Walking down the hall as my time came, “Don’t say anything.”
Sitting down on the chair, “Don’t say anything.”
Then came the moment when one of the nurses said, “We’re going to put this mask on you. Count to three.”
I made it to one and then passed out. One of the many thoughts I had in the days that followed was that I really needed to get a hold of whatever gas they had pumping through that machine.
I regained consciousness as my Mom drove the car up the driveway to our house. I’d apparently been awake, just not aware. I slowly shook my head, drooled on myself, watched as the red-tinted drool fell onto my shirt, and murmured something.
“Yep,” my Mom responded. She reached over to the passenger seat and tapped on the notepad.
I could describe the notepad in depth, but I figured I’d do yet more homaging to Hyperbole and doodle something up in Paint – because, frankly, the drool-covered serial killer’s note that was the legal pad needs to be seen and not talked about.
I nodded in the car. The drilling had done its job. I wrote “What did I say” again, slightly more legibly, and shoved the notepad under my Mom’s eyes. She sighed. “I can’t read that, Aaron,” she said, reaching over and unbuckling my seat belt.
I opened the car door and tumbled out, somehow making it up to my room while my Mom prepared what I can only describe as what would become my blood-and-saliva basin. It wouldn’t be until the next day, when the drugs had finally worn off and I was sucking down Jell-O cups like they were water, that the real horror would make itself known.
The surgeon prescribed pain killer suppositories.
I’m going to repeat that for dramatic effect, laced with profanities. The surgeon, the bastard, prescribed suppositories as my pain killers, the rat bastard, no good, shit-kicker. I didn’t realize the import of what this meant the first time I looked at the pill and saw that it was too large to swallow, and had a strange coating on it, as if it were a melting piece of wax chipped off of a candle. And then, my Mom, running late for work an hour away, came up to me, frantic, and said, “Honey, do you want me to do this?”
That’s when it hit me, what the mamzer had done to me. He’d basically made me the equivalent of a Torah-times leper. The difference being that most people wouldn’t know the horror of what I had to experience twice a day, twelve hours apart, or in the wake of meals. No, I’d live with this shame living in the back of my head, burrowing in there like the bugs from Wrath of Khan.
I mean, come on. The surgeon had a Jewish name. He had to have read the Talmud. There has to be something about this in the Talmud. I’m sure there’s some rabbi in there that says something to the effect that, “God would not like it if you stuck medicine up your tuches.” Right? Is that the Jewish approach to suppositories?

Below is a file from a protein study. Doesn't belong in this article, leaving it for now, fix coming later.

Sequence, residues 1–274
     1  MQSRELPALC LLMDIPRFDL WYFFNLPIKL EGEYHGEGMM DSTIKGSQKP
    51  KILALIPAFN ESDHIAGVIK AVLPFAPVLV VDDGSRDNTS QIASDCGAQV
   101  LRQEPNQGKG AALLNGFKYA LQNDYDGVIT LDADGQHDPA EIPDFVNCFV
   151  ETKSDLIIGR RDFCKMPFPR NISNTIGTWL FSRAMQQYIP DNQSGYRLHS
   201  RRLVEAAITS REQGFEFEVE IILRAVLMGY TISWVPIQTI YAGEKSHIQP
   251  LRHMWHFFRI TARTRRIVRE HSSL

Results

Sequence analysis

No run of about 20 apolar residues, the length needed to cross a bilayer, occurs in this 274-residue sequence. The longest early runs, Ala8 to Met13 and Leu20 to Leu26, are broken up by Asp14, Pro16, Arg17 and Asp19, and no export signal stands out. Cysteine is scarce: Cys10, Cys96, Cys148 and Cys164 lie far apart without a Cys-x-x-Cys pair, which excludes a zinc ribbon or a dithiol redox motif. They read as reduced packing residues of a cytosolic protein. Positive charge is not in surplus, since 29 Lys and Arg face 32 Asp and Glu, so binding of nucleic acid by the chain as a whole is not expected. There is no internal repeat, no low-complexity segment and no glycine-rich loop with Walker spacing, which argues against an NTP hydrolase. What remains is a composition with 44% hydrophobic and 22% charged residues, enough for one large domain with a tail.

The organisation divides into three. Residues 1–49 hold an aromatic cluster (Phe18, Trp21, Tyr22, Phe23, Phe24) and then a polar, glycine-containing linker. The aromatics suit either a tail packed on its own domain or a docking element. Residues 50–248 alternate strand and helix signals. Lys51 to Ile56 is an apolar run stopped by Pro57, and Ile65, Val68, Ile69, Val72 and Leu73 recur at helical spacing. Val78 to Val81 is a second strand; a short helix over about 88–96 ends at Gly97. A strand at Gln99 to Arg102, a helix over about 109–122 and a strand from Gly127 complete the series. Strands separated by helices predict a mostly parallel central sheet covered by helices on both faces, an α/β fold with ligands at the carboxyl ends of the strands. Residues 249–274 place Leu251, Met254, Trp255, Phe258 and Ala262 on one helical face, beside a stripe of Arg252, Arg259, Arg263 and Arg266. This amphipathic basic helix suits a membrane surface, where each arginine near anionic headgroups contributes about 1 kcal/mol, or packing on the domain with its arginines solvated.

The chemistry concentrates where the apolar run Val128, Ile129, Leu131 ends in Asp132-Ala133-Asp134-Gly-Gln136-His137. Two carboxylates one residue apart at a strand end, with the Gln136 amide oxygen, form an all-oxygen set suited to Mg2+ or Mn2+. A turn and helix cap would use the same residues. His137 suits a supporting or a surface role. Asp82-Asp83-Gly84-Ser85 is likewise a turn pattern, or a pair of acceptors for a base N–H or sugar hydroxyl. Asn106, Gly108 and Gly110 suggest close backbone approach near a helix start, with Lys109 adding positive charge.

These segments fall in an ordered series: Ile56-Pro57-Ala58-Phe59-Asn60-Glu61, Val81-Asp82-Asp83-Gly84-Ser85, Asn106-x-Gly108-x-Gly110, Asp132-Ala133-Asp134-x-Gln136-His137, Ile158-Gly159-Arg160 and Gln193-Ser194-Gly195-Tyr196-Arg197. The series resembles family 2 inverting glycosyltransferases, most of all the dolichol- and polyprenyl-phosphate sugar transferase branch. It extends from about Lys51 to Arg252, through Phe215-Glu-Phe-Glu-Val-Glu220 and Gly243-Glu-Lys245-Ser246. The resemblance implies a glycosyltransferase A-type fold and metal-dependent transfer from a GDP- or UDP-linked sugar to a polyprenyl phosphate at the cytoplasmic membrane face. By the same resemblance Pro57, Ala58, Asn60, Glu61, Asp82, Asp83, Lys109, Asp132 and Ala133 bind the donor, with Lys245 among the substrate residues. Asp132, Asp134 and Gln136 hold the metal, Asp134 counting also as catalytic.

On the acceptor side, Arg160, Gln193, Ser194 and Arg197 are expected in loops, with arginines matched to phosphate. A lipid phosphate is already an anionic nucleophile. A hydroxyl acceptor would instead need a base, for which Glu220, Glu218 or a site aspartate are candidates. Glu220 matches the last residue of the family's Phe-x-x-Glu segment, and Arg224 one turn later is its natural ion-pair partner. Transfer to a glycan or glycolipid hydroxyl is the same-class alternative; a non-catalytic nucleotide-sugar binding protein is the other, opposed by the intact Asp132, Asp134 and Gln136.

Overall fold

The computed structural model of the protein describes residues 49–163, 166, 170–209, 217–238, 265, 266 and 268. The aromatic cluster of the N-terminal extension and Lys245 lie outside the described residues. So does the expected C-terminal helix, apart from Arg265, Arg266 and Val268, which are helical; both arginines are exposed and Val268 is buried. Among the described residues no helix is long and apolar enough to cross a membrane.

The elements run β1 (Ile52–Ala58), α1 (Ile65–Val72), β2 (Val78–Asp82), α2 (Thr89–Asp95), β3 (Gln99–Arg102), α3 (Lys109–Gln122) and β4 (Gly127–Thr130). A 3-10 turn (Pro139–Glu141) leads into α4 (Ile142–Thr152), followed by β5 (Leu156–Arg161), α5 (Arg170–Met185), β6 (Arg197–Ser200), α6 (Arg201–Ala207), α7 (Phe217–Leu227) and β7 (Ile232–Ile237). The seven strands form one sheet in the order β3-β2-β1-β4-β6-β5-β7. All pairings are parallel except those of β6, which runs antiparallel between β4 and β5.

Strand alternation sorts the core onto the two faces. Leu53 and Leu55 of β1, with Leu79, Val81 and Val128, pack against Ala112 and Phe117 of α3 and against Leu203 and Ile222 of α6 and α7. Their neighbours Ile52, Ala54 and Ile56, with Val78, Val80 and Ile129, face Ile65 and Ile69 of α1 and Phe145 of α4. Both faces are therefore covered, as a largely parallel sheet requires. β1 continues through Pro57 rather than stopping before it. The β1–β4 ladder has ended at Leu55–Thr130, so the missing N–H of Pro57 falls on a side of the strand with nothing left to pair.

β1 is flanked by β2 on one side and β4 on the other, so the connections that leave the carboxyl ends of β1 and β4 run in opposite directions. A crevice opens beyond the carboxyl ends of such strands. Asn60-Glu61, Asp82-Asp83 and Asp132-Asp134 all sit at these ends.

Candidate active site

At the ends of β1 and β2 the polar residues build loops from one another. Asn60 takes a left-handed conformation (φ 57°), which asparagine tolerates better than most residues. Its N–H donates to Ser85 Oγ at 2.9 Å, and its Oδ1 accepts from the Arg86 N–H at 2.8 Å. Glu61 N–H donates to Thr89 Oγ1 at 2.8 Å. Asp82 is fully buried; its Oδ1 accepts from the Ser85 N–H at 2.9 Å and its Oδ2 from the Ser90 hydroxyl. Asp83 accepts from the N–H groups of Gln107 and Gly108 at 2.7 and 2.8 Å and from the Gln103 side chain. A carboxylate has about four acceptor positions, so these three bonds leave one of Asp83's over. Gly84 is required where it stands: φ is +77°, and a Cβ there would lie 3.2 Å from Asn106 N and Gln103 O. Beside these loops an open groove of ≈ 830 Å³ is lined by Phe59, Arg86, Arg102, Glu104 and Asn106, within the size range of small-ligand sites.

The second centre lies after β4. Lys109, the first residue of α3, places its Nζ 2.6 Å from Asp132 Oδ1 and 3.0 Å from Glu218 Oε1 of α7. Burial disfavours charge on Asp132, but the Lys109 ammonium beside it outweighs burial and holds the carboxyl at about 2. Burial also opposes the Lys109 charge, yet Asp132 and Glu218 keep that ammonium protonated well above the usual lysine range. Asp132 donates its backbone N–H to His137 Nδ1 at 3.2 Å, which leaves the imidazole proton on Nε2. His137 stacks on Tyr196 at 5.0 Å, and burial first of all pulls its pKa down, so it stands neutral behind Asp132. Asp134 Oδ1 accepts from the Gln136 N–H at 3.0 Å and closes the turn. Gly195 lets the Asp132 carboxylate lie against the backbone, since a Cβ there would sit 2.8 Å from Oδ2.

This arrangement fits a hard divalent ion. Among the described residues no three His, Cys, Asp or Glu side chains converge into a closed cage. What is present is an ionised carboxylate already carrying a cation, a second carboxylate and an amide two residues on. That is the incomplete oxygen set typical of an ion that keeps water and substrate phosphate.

So, anyway, that’s how I wound up getting screwed by medicine when I should have been having a blast popping pills and laughing way too much at Nick at Night.
But the fun doesn’t end there, oh no. I’m sure you, Dear Reader, if you’ve had your wisdom teeth taken out, had to deal with the horrible feelings of cotton balls in your mouth all day every day. And then there’s the thought running through your head, “What if I don’t stop bleeding? I know a guy who has that thing where you can’t stop bleeding. I’ve got blood wells in my mouth – no way those’ll stop bleeding. Dear God, I’m going to bleed myself dry here.” The thinking becomes more frantic as the bloody cotton balls pile up in the waste paper basket by the side of your bed, and you wake up with the taste of blood in your mouth, wondering when it’s time to take your coagulants so you can have a brief reprieve from this red Hell and go back to watching Monty Python movies.
As if this weren’t enough, my friends decided to be considerate. Well, I should rephrase that. A couple friends and one of their girlfriends decided to be considerate. They chose a day about three days after the surgery, when they thought I’d be well on the way to normal-person mode again, and decided to drop by and see how I was doing. They chose this, of course, after a meal. My Mom did not know that I was finished eating, and, as I heard footsteps and familiar voices ricocheting off the walls, I shouted, “No! Mom! No! I just finished eating!”
“Hey Brad!” My mom shouted, louder than I had. “Come here and look at this guitar I got from my Dad!”
A horrible occurrence narrowly avoided, a few minutes later my friends came up and we chatted about how much it sucked to be out of it for a few days. It came up that one of them had their wisdom teeth taken out and were fine to go out to a party that night, and I may or may not have told them to “Fuck off.” (I say may not because, back then, I didn’t use the f-bomb like it was a comma.)
But soon, in a couple of days, long after I’d worn out Blockbuster’s copy of Monty Python and The Holy Grail, my Mom and I decided to test the waters of how much I’d recuperated by going to Taco Bell. The thought was that if I could eat a taco without the blood wells opening up and ruining a shirt, a taco, some napkins, and a dining experience, then I was set to go and could return to my normal routine of scripting comics at Starbucks with Brad and Barton.
We ordered food.
We sat down.
I ate the shit out of that taco.